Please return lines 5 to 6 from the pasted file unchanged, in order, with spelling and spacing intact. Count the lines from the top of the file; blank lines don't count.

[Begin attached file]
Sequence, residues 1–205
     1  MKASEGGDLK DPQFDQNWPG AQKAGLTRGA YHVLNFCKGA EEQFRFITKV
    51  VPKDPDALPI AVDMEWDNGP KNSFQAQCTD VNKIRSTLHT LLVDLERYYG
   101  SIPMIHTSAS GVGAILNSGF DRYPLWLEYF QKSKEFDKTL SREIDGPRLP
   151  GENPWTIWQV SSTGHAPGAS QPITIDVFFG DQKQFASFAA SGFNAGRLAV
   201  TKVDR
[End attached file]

   151  GENPWTIWQV SSTGHAPGAS QPITIDVFFG DQKQFASFAA SGFNAGRLAV
   201  TKVDR